MLB

Baseball Hall of Fame vote: Analyzing chances of Barry Bonds, Fred McGriff, more on Contemporary Era ballot

When most people think about the vote for the Baseball Hall of Fame, we think about the BBWAA vote where there are hundreds of writers and the players need to get 75 percent of the vote. It’s what gets the most coverage because media members write about their own votes and most give their rationale, plus, it’s the quickest and easiest way for most players to get in. I’ve already done a breakdown of 10 things to know on this year’s ballot, but we won’t know the results until mid-January. 

But there’s another way for former players to get into the Hall of Fame and there’s a vote on Sunday. Results will be revealed at 8 p.m. ET. 

A group known as the Veterans Committee is another avenue for those who have been shut out in BBWAA votes for decades. The Hall of Fame has broken things up into the Era Committees now. The vote this season is the Contemporary Era, which is for players whose greatest contributions came from 1988 to 2016 (the vote next year will cover managers, executives, and umpires in that timeframe). 

The players on the Contemporary Era ballot this year: 

  • Albert Belle
  • Barry Bonds
  • Roger Clemens
  • Don Mattingly
  • Fred McGriff
  • Dale Murphy
  • Rafael Palmeiro
  • Curt Schilling

The committee voting on these players: 

  • Hall of Famers: Chipper Jones, Greg Maddux, Jack Morris, Ryne Sandberg, Lee Smith, Frank Thomas and Alan Trammell
  • Executives: Paul Beeston, Theo Epstein, Arte Moreno, Kim Ng, Dave St. Peter, Kenny Williams
  • Media: Steve Hirdt, LaVelle Neal, Susan Slusser

Unlike the BBWAA vote, where writers are on their own, this group meets together and discusses — or even debates — the candidates before voting. Any player getting at least 12 of the 16 votes gets inducted into the Hall of Fame. Voters can select anywhere from zero to three, so it’ll be tough to get to 12 votes. 

Let’s run through a quick breakdown with analysis on each. 

Albert Belle

Belle hit like a Hall of Famer through the ’90s, but was it too short-lived? From 1993-99, he hit .308/.391/.602 (156 OPS+) while averaging 41 doubles, 41 homers, 127 RBI and 106 runs per season. It’s an absurd stretch, but it was seven years and he wasn’t all that great otherwise. With no MVPs and no World Series rings, I’m inclined to believe this player-heavy committee will pass on Belle without a ton of debate.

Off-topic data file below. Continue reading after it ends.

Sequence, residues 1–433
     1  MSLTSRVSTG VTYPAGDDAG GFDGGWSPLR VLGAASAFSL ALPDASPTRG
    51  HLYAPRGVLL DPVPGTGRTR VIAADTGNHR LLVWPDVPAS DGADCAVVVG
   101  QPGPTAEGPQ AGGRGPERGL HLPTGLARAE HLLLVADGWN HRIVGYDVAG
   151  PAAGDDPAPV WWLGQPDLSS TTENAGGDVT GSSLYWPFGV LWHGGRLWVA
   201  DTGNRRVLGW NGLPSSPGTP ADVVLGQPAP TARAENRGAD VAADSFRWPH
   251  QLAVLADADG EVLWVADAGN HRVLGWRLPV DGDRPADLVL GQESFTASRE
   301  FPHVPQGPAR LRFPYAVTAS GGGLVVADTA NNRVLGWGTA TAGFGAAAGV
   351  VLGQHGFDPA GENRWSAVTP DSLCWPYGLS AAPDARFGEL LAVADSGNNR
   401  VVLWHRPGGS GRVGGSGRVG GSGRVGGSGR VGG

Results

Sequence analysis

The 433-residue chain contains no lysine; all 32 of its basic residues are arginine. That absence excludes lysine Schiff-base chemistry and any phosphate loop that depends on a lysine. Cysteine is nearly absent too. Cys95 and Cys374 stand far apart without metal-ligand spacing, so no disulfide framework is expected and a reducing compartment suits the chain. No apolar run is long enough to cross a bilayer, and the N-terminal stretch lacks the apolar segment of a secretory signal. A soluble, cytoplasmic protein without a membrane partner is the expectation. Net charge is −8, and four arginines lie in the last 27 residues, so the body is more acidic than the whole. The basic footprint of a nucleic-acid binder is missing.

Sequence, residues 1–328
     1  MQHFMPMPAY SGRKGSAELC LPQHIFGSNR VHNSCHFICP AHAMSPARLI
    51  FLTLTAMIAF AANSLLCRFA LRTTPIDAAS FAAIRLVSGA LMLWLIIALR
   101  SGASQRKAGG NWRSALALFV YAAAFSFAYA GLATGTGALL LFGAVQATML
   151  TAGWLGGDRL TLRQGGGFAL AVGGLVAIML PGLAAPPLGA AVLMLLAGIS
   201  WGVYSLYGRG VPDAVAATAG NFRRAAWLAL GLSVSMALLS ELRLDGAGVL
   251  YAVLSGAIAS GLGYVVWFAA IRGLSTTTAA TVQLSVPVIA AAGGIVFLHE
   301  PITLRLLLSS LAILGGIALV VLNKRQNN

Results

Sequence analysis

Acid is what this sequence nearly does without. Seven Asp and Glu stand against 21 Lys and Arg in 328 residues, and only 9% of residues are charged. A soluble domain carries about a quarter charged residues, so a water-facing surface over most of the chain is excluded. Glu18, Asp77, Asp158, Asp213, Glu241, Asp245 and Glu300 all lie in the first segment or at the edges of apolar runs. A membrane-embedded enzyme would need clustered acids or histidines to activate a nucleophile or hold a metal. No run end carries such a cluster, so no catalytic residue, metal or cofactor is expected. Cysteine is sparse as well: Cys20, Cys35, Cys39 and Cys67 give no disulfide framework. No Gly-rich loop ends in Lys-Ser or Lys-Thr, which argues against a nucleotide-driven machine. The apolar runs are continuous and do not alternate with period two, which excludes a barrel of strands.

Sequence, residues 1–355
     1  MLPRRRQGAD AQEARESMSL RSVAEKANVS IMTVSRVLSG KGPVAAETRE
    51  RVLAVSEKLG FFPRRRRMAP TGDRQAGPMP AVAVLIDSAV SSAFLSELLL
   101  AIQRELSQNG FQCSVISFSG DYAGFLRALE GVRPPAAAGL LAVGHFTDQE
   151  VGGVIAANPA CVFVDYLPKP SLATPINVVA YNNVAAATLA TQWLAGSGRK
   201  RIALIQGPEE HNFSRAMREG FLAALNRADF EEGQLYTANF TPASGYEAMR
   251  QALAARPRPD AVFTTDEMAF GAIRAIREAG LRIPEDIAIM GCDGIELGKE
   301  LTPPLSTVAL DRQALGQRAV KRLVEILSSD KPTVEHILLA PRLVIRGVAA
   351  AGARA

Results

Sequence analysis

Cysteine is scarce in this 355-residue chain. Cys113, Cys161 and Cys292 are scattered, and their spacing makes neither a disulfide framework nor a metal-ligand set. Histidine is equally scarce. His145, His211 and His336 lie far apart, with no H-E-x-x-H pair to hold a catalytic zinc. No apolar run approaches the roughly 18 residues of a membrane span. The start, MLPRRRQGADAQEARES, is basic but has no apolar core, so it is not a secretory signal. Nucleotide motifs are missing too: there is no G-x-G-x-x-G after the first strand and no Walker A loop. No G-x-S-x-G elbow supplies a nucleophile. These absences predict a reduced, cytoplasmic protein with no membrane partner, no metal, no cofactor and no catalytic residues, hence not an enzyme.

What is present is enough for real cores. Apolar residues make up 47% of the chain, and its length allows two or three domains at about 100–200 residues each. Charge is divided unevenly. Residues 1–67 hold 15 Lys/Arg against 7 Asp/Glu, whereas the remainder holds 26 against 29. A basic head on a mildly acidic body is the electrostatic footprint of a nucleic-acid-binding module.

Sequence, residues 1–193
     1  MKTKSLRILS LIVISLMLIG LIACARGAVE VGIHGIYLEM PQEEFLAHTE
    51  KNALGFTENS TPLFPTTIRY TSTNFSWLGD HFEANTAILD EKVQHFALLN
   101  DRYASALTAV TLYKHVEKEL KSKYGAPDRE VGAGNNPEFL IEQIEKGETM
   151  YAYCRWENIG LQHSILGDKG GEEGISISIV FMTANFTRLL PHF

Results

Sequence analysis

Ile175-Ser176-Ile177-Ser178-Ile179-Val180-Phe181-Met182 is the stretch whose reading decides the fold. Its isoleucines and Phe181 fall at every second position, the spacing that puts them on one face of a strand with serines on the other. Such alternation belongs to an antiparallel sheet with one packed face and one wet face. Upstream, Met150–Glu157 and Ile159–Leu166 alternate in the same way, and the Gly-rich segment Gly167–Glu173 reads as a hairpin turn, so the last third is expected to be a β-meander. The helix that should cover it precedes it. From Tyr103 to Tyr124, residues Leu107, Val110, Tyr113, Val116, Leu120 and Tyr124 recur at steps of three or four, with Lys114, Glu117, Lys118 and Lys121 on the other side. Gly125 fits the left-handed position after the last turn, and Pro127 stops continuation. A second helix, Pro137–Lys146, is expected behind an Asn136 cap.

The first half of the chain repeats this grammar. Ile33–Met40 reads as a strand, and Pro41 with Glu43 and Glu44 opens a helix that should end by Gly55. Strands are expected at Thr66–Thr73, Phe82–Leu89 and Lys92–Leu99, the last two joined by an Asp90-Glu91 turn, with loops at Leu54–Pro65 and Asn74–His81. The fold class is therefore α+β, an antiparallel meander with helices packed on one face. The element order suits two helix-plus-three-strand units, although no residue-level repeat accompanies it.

Barry Bonds

There’s no reason to run down the case with Bonds. We’ve done it to death and everyone has already made up their minds. I guess we’ll find out if 12 of the 16 people here are in his corner. I’m inclined to guess no, especially with the hulking presence of Frank Thomas on the committee, long outspoken against PEDs (going back to 1995) and as well respected a voice among former players you’ll find. Even if Thomas wasn’t there, I can’t imagine the presence of seven current Hall of Famers who were believed to be clean bodes well for anyone connected to PEDs. 

Roger Clemens

See above. Clemens is essentially the pitching version of Bonds. 

Don Mattingly

Mattingly won an MVP and finished second in voting once. He was one of the best and most recognizable players in baseball … for four years. 

That run was amazing. Mattingly hit .337/.381/.560 (155 OPS+) while averaging 46 doubles, 30 home runs, 121 RBI, 102 and 6.3 WAR per year, but it was only four years. Back injuries zapped his power, though he held on long enough to gather 2,153 hits and is a career .307 hitter. But 442 doubles, 222 homers and 1,099 RBI doesn’t really cut it at first base. He was an exceptional defender and the respect of his peers — like we will discuss with McGriff — could weigh in here. 

It’s possible Mattingly gets in, but I think he’s overshadowed by the man below. 

Fred McGriff

Here’s your favorite. 

As for the case, I did all I could for McGriff during his time on the BBWAA ballot (here’s the case from his final try). Definitely read that if interested in the numbers. 

As for the connections here, they look great for McGriff. First off, there’s the PED stuff. Unlike several others on the ballott, McGriff is pretty much universally considered to be as clean as it gets and has the utmost respect from his peers. That probably earns bonus points with the players on the committee. 

Morris missed McGriff by a few years in Toronto, but word gets around about well-respected teammates who were among the best players in the league. Morris and Trammell played together a while in Detroit, too.